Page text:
Puck Daddy - NHL

That Ryan Miller(notes) of the Buffalo Sabres and Ilya Bryzgalov(notes) of the Phoenix Coyotes were named finalists for the Vezina Trophy on Monday wasn't a surprise, a stunner or all that debatable.

But we imagine Martin Brodeur's(notes) inclusion in the top three will have its detractors.

First, because it'll revive the usual charges that the award nominations are reputation-based (and they are, as Brodeur could tell you from 1994-Hasek's retirement) and that it's the Devils' system being nominated and not the guy who makes it work.

Second, because despite Brodeur's historic achievements this season, goalies like Tomas Vokoun(notes) of the Florida Panthers, Craig Anderson(notes) of the Colorado Avalanche and even Jimmy Howard(notes) of the Detroit Red Wings could have been given serious consideration for the third slot.

We happen to think the NHL's general managers voted correctly here, and that all three Vezina finalists have a case to make for the award:

Why Miller Deserves The Vezina: Wait, are you kidding? Didn't you see the Olympics?

OK, seriously: That tournament should have no influence on what Miller did or didn't do in the NHL regular season ... but that's wishful thinking, isn't it? There may very well have been a vote or seven cast for Miller as a tribute to the sum total of his accomplishments, which is a bit like giving Ed Helms an Emmy for "The Office" based on his work in "The Hangover."

Fact is that Miller doesn't need the Olympic aura to justify support for the Vezina. His case is rather solid: Second in the NHL in goals against average (2.22) and in save percentage (.929) in 68 starts; fourth in wins (41) for a division champion. Statistically, it was the best season of his NHL career.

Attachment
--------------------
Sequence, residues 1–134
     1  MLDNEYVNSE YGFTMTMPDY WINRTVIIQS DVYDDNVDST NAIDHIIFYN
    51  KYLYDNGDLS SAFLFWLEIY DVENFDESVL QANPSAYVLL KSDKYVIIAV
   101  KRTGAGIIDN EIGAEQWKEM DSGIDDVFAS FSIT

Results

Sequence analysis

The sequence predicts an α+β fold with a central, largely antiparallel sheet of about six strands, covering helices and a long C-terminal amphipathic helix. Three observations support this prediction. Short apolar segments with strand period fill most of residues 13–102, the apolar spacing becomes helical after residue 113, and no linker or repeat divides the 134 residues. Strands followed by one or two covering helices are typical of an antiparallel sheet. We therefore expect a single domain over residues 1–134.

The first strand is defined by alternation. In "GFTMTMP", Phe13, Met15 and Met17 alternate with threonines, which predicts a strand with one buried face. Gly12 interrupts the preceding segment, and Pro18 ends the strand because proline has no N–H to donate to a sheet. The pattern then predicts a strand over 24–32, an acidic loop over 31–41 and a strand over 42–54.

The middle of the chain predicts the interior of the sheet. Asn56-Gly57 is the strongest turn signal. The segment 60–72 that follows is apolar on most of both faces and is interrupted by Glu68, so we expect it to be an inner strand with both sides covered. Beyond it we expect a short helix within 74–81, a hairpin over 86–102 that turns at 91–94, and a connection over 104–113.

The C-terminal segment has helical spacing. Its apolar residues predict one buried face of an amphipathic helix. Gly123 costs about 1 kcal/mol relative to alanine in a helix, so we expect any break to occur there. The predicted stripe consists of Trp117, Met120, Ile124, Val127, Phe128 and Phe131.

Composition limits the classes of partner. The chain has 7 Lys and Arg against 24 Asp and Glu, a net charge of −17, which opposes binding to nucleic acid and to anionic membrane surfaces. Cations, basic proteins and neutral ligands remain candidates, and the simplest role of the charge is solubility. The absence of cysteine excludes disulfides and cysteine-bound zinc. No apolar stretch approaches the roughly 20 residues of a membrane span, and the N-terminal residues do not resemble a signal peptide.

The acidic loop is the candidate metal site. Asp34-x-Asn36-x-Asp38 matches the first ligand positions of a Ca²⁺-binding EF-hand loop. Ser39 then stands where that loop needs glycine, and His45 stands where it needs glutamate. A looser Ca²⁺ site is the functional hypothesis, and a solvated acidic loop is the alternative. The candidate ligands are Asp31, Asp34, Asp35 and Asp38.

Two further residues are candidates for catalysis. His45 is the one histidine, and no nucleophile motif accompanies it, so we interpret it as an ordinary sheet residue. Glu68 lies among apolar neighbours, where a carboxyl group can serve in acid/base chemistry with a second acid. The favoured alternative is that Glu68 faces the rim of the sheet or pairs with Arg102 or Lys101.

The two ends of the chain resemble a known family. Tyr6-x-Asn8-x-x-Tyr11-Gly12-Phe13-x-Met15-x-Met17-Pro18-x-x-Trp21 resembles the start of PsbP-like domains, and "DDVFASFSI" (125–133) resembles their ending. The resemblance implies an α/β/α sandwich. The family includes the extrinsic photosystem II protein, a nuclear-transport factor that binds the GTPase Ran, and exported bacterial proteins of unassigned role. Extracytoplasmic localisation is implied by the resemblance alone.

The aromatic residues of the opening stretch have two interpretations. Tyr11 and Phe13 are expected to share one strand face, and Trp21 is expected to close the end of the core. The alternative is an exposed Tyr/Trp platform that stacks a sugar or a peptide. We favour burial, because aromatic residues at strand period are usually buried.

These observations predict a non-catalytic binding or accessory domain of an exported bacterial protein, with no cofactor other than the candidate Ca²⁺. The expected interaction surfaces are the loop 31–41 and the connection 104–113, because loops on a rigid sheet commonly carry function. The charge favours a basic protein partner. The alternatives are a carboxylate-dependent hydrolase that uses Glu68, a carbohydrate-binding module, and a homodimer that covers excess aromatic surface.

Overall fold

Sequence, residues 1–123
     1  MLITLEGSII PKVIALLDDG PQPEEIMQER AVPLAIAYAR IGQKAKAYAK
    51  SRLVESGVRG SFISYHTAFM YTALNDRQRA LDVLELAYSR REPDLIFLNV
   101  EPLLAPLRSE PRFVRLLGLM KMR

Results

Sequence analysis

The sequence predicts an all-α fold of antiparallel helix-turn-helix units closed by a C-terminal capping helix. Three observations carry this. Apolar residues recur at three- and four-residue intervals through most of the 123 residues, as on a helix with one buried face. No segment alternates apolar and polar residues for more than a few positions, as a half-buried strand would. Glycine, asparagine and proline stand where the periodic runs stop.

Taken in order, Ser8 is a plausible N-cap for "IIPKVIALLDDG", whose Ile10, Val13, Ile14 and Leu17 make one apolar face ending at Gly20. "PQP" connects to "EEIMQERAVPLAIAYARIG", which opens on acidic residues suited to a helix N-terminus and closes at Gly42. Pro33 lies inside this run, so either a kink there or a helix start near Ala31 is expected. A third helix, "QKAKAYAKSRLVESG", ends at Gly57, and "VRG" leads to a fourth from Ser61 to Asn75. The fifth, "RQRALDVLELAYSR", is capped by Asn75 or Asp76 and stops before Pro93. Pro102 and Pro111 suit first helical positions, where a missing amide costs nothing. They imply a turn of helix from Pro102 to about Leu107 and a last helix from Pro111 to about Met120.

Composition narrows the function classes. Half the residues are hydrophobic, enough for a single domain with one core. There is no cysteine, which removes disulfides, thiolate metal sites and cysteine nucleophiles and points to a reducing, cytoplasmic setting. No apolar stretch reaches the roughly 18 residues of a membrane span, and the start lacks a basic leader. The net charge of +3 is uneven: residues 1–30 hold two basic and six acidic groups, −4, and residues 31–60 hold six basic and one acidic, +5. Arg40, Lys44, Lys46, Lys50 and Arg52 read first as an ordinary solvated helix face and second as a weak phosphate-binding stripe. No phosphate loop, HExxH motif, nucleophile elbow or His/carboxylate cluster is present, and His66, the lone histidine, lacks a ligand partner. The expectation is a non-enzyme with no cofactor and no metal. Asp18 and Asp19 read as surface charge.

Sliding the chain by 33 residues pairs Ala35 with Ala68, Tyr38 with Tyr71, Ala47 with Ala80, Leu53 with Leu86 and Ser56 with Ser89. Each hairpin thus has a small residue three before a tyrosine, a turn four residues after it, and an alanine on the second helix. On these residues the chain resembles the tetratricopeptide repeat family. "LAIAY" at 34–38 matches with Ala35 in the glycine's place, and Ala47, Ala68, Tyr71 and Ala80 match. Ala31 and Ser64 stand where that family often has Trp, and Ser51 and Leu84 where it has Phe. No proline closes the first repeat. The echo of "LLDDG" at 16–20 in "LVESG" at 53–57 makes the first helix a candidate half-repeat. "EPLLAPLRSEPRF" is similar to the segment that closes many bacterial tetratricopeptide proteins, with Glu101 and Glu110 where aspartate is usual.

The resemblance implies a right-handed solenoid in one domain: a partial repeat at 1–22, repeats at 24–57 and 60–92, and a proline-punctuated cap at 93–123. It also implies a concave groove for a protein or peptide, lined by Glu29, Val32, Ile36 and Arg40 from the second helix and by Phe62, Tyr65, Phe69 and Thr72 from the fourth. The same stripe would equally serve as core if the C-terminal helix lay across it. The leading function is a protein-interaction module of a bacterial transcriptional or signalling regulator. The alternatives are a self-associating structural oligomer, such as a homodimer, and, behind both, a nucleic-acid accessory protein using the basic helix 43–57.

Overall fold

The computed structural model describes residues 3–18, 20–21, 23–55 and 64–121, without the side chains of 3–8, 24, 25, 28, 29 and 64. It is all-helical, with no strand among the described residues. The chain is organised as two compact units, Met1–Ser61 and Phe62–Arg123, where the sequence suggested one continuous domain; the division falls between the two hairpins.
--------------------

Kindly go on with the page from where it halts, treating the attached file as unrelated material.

One more key stat: 2,098, as in the number of shots faced during the season. Miller was fourth behind Craig Anderson, Evgeni Nabokov(notes) and Henrik Lundqvist(notes). He faced 137 more shots than Bryzgalov in the same number of games.

Why Bryzgalov Deserves The Vezina: The common perception is that Bryzgalov was playing behind the "worst" of the three teams who have Vezina finalists this season, at least on paper. That he carried the Coyotes to a stunning playoff berth with an MVP season between the pipes, and that the stats also validate him as the League's top netminder.

The question is whether there are enough GMs that agree with that sentiment.

He's got the numbers: 2.29 GAA, good for sixth in the League; .920 save percentage, which is ninth overall but just 0.04 percent from being fourth; and 42 wins, which is third in the League and more than Miller's total. He also has one significant edge over Miller with eight shutouts to the Sabres goalie's five.

Either keeper is worthy of the award. But there's another dude with a case for winning it as well ...

Why Brodeur Deserves The Vezina: The voters like a winner in this race, and Brodeur led the League with 45 victories. His GAA (2.24) was third in the NHL, and just 0.01 behind Miller. His nine shutouts led the NHL.

His .916 save percentage, however, is a black-eye stat, putting him in Cam Ward's(notes) neighborhood rather than Miller's or Bryzgalov's. And Brodeur faced an average of 26 shots per game in 76 starts; compare that to over 30 for Miller, and the usual "it's the Devils system" knocks will enter into the equation, especially with Jacque Lemaire chewing gum behind the bench again.

The Winner Is ... Miller, unless Brodeur siphons enough Eastern Conference support and the West goes heavy for Bryzgalov, which is an entirely plausible scenario. But voting predictions aside, Miller has the numbers and the value that warrants the Vezina. It should be his.

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